Apple has announced a new enterprise partnership with professional services firm Deloitte focused on integrating iPhones and iPads in the workplace. The latest enterprise partnership follows similar arrangements with IBM and SAP. The arrangement with Apple will help Deloitte with “creating a first-of-its-kind Apple practice with over 5,000 strategic advisors” according to the press release.
If you’re an Apple Watch Series 2 owner, you’ll find a new feature in watchOS 3 that allows you to gradually wake the screen using the Digital Crown. This is a handy feature for those moments when you wish to view the display in a subtle manner without fully turning on the screen. Watch our video overview inside to see it in action. expand full story
J.D. Power is releasing its first study of customer satisfaction among streaming music services today and in it ranks Apple Music above the competition.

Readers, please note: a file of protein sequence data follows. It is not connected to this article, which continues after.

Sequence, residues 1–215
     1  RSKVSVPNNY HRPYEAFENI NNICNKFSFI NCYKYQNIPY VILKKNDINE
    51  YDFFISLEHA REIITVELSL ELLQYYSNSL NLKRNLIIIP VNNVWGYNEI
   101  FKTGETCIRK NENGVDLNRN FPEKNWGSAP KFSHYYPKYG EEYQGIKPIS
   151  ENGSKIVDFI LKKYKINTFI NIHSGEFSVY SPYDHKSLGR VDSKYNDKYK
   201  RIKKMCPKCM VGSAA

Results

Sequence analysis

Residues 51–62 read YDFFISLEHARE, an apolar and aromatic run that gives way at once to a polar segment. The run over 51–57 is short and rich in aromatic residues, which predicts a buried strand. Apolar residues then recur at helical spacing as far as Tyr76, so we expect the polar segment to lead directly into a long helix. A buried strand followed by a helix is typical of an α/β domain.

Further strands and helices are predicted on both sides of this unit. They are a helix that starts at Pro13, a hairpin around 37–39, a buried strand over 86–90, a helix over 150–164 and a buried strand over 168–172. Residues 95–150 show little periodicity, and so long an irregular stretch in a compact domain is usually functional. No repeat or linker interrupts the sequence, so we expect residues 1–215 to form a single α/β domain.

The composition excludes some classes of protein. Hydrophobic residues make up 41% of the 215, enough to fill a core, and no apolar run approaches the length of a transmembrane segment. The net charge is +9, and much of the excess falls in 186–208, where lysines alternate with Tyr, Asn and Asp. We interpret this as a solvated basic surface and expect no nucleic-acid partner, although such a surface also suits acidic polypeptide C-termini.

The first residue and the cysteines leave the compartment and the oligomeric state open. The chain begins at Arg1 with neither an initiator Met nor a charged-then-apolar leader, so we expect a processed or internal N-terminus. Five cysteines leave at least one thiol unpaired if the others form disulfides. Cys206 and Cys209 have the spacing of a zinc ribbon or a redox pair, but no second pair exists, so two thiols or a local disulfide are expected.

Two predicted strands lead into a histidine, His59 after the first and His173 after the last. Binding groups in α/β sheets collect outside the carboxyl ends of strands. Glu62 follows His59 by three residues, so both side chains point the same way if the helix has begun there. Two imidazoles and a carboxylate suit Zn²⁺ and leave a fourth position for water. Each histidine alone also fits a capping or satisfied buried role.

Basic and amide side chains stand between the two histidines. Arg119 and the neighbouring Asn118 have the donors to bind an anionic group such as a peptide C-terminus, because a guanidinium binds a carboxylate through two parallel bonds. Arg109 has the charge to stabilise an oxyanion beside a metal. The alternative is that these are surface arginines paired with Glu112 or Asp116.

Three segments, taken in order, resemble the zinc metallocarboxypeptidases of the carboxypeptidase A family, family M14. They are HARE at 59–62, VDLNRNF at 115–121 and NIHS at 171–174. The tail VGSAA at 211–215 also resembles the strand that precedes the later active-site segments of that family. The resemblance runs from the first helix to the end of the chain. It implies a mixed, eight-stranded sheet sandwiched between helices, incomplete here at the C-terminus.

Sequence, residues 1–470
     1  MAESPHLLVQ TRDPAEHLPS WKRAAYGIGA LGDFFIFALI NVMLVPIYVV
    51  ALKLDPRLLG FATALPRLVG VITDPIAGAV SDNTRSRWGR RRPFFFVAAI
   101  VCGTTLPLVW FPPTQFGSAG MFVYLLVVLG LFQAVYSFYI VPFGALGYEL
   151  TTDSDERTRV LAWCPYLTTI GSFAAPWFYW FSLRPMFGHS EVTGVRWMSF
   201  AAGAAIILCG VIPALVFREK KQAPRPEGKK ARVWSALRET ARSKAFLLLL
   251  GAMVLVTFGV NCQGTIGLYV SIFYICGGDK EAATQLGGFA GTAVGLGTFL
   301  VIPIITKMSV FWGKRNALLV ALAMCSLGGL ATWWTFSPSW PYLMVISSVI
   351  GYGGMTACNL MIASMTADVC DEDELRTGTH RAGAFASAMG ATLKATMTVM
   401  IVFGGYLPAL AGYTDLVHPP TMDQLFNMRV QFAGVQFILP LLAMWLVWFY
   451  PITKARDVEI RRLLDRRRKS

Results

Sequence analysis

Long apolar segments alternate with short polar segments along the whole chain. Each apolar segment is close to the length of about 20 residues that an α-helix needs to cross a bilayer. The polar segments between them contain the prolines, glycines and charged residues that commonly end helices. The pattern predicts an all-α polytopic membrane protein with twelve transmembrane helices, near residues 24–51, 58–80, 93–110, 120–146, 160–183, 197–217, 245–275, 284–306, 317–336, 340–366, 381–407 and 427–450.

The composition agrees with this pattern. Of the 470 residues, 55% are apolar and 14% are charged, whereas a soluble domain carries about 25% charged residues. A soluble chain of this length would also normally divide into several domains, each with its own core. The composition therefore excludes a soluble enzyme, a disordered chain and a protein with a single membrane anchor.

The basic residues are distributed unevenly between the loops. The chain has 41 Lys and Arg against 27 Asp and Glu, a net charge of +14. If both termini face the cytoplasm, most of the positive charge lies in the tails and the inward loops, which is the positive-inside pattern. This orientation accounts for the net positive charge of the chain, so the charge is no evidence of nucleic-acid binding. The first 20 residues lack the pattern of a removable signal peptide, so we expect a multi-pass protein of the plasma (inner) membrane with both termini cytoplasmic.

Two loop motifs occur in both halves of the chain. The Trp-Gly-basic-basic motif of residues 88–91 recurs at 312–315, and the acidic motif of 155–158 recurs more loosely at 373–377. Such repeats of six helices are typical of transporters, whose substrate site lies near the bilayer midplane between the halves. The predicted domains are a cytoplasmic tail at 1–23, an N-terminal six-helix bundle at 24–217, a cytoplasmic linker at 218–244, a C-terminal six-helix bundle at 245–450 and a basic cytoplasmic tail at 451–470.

Eight years since the App Store’s initial release, we’ve seen quite the influx of Twitter apps on the market. Over time, the situation settled down and the best competitors stood on top. I’ve come to find my one or two main Twitter clients, but that still hasn’t stopped me from looking for any new contenders. While there are the few Twitter apps that everyone knows, it’s refreshing to see a new take on the familiar experience.
Enter Leaf, a new Twitter client available in the App Store today that takes a few creative approaches to the experiences we have come to know and love.
Osmo is a game system for iPad that uses the tablet’s camera to interact with real-world objects like puzzle pieces or drawings (buy the starter kit for $69). There are several Osmo apps, spanning drawing, literacy, physics puzzles and more. Each one offers a mini ‘augmented reality’ experience where the iPad apps bring the real-world accessories to life.
The basic Osmo system contains a dock/stand for the iPad to sit on and a reflective mirror that attaches to the FaceTime camera. This adjusts the optics so that the camera is essentially recording the table area in front of the iPad, so that the Osmo apps can ‘see’ the objects placed there. Read on for a walkthrough of how well this all works …